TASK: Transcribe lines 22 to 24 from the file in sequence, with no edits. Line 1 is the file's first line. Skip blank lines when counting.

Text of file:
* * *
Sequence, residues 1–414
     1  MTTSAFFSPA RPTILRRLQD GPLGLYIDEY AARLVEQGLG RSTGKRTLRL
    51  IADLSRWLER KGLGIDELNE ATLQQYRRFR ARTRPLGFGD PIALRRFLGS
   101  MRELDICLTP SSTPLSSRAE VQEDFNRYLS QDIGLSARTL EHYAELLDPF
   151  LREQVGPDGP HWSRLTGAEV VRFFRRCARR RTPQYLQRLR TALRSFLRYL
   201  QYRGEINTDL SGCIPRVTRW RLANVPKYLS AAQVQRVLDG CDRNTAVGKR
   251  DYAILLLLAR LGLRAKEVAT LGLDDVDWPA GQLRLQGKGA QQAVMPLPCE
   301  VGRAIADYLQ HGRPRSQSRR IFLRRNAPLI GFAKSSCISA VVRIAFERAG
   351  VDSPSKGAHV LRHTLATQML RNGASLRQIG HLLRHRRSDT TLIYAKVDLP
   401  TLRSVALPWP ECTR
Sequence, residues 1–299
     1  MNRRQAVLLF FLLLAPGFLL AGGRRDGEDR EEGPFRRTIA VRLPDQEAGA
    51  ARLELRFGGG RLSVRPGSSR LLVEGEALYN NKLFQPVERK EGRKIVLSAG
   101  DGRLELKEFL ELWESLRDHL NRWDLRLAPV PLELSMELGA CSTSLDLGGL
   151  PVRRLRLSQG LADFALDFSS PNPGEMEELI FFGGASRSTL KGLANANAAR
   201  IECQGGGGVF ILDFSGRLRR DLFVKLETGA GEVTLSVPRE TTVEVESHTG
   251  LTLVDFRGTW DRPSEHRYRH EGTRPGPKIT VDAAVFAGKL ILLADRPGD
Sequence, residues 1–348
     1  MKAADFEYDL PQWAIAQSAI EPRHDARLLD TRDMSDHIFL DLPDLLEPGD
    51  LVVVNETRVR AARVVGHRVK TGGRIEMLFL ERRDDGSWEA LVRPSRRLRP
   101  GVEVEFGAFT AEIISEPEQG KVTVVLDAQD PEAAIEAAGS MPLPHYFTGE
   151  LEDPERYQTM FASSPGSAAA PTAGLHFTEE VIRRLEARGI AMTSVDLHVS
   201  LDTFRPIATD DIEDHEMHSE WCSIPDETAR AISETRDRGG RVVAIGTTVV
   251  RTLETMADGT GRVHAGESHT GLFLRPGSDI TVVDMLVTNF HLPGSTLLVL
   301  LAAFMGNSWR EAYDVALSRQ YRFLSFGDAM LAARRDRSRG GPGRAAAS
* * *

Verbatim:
   151  LEDPERYQTM FASSPGSAAA PTAGLHFTEE VIRRLEARGI AMTSVDLHVS
   201  LDTFRPIATD DIEDHEMHSE WCSIPDETAR AISETRDRGG RVVAIGTTVV
   251  RTLETMADGT GRVHAGESHT GLFLRPGSDI TVVDMLVTNF HLPGSTLLVL